For the sake of their porters’ wellbeing, Intrepid restricts how much weight their porters can carry to ten kilograms (22 pounds) per trekker. Female porters carry bags for one trekker, while male porters carry gear for two. An allowance is included for their own essentials. Porters on Intrepid trips either carry gear in backpacks, or using the boko method.
Intrepid also have a policy that all trekking leaders and guides must have trekked as a porter for at least one season before they can lead an Intrepid tour, even if they’ve worked as guides for other tour companies before.
‘I think it’s important that trekking leaders have spent time working as porters,’ says Shrishti. ‘Because I’ve done it myself, I understand what the porters are going through. I know when they’re feeling tired and when they need a break, or when they might need something to eat. If I hadn’t been a porter first, it would be more difficult to see if they’re having problems.’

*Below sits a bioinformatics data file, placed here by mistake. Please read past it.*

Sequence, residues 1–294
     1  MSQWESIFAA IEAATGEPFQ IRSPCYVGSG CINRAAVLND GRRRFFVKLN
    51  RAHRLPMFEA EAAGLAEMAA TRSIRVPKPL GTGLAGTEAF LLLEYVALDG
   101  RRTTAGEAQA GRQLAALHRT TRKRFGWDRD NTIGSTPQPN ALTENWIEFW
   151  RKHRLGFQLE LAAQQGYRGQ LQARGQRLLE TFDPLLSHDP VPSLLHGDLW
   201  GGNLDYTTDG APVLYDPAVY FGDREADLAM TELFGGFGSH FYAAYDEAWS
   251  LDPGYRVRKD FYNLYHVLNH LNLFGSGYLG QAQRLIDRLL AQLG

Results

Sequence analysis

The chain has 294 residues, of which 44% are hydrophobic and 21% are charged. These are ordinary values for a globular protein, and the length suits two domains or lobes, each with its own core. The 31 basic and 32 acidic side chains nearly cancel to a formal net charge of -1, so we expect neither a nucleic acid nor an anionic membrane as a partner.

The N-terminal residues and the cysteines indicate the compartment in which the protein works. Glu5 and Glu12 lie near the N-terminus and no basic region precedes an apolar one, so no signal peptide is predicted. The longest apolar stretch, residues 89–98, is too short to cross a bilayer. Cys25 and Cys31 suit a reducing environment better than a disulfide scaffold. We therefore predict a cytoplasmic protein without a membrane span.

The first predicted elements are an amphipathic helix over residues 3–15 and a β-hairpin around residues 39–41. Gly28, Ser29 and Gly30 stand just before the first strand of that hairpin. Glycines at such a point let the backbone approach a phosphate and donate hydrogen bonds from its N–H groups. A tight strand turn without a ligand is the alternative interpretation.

Srishti got into trekking for the same reason most of the women did: a love of Nepal’s mountains, being outside, and meeting people from around the world. Her sister, Robina, is with us on the trek. She’s just finished her bachelors in Sociology and Anthropology and, while she enjoyed studying, but she tells me that trekking is her life. Robina has been working as a porter for two years now, and hopes to be a leader one day too.
‘There are less opportunities for women in Nepal, especially in jobs like this,’ says Robina. ‘People say women can’t do it, because they’re too weak or have too many problems. But when they see us out on the trail, carrying the bags and working hard, their minds change. That makes me feel so proud of what we’re doing.’